by Carmen Ramos-Kennedy –
While the mid-term elections did not give us everything we wanted, it feels like our state and nation have moved toward inserting sanity back into our political conversation. I’m not being a Pollyanna here … I’m just hopeful.
In a few contested races around the country, it’s exciting that candidates are not conceding. Ensuring that every eligible voter can participate in our democracy, without barriers, is worth the fight. This is what all the work was about! Even with gerrymandering and resistance by some election officials to count every legally cast ballot, great strides have been made.
Asheville Buncombe County NAACP supported a “NO” vote on all six amendments to our state Constitution; four passed and two were defeated. The ones that passed lower the state’s income tax cap, expand crime victims’ rights, recognize what is known as “traditional” methods of hunting and fishing, and require a photo ID to vote. All six amendments were put on the ballot to get a win on that photo ID proposal: unfortunately, voters drank the Koolaid and will allow the legislature to write the details of these amendments—including what constitutes a “valid” ID—after they were approved.
The win is, we won’t have gridlock in the state election apparatus or judicial appointments, and the victory of Anita Earls for a seat on the NC Supreme Court is the icing on the cake: five of the seven seats are now held by moderates and progressives. As the leader of Southern Coalition for Social Justice, Earls was among the attorneys who sued over gerrymandered legislative and congressional districts. She also helped defeat previous efforts by the General Assembly to impose voter ID laws that discriminated against African Americans “with almost surgical precision.”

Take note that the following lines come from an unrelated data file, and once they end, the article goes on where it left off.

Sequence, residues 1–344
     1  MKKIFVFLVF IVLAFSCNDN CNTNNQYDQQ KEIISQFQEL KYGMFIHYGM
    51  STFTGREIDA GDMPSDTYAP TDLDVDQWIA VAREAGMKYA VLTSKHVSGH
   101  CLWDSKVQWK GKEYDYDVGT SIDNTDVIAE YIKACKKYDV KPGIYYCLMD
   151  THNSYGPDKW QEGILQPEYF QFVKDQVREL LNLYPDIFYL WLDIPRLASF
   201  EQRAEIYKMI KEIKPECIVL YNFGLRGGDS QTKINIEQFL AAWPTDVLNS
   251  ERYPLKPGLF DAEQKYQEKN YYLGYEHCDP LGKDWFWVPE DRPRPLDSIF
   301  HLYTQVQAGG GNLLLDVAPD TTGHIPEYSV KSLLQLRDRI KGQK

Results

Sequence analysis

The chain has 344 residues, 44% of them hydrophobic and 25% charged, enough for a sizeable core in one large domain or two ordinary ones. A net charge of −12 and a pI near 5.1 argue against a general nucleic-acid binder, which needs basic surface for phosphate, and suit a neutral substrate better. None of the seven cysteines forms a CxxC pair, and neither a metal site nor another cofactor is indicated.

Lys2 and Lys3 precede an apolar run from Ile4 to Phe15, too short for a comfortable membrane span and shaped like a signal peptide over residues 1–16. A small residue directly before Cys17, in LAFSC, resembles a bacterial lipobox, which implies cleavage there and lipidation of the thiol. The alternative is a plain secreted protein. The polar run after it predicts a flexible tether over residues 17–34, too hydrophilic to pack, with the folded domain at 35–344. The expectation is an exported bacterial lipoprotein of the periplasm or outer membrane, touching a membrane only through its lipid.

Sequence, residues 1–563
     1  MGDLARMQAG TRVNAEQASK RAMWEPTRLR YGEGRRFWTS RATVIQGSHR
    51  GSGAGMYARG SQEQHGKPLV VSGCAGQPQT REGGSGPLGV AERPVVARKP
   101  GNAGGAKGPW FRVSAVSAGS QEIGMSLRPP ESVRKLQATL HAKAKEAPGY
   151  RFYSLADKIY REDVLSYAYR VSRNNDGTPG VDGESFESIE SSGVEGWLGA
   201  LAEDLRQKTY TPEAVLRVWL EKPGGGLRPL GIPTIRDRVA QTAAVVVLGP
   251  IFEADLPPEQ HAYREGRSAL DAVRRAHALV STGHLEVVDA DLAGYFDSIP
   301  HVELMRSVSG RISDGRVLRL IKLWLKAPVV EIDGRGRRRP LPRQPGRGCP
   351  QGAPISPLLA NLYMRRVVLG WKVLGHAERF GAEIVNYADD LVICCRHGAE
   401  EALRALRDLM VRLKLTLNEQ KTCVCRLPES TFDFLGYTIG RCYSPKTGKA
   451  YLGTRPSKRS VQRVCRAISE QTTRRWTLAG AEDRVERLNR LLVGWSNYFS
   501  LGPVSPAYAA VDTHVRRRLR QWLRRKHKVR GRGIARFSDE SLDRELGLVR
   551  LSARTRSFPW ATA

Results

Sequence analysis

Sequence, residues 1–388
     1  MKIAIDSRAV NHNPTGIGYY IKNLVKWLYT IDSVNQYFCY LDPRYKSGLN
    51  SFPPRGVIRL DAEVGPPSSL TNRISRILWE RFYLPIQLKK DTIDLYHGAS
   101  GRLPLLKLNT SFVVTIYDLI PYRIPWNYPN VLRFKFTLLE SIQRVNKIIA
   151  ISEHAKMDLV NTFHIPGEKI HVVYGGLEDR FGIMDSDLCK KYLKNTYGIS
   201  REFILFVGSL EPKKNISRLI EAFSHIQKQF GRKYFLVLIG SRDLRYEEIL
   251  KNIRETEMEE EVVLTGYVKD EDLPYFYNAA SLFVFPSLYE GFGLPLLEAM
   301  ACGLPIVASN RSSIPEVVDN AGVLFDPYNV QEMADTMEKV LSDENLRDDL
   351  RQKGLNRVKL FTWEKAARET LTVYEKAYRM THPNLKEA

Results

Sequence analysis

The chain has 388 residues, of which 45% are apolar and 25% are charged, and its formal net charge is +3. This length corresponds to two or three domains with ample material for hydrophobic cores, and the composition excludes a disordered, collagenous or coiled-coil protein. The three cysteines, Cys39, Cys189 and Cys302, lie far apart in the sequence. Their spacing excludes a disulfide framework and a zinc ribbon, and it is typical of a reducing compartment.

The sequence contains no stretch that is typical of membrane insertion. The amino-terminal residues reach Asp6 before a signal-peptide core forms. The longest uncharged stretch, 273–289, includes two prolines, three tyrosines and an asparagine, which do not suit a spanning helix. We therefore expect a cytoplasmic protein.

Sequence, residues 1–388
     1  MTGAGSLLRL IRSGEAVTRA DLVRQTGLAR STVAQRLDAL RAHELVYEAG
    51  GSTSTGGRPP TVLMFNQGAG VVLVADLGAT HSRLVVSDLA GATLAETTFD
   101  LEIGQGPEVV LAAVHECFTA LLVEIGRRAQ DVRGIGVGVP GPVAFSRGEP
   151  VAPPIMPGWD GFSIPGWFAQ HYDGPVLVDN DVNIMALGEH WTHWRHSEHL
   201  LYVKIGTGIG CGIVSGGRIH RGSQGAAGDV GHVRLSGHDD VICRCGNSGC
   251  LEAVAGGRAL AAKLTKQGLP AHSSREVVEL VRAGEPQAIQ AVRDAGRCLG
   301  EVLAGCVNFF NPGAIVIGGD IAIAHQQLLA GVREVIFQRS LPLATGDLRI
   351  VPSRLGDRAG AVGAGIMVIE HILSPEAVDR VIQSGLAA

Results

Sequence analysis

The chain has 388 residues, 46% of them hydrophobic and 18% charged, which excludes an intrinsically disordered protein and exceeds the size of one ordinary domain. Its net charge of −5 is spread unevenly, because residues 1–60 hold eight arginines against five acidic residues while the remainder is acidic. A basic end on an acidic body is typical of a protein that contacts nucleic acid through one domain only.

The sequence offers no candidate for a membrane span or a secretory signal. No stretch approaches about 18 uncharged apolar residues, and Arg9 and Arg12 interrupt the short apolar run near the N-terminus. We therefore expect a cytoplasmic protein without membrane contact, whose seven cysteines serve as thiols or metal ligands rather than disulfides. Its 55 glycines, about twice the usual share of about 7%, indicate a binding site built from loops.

Nationally, one of the first efforts of the new majority in the U.S. House of Representatives will be legislation establishing automatic voter registration and reinstating Section 5 of the Voting Rights Act (the heart of the law’s enforcement). Another provision of the bill would strip state legislatures’ power to impose partisan redistricting by giving it to independent commissions; another would overturn the Citizens United ruling, which gave corporate political spending equivalency with individual citizens’ free speech.
All in all, 2018 was a mixed, but still a mostly positive, election. If you were engaged in the process, please stay engaged. If not, please step up to do what you can: we have two years to pull together, get our focus, and turn things around in 2020.
Wishing all of you the best in this season of thankfulness.
The Asheville-Buncombe NAACP, Branch #5363, meets at 6:30 p.m. on the second Tuesday of each month in the Sanctuary of Hill Street Baptist Church, 135 Hill Street in Asheville. For information: 4ward2getherCall2Action@gmail.com; Buncombe County NAACP, PO Box 2881, Asheville, NC 28802; facebook.com/buncombecountynaacp.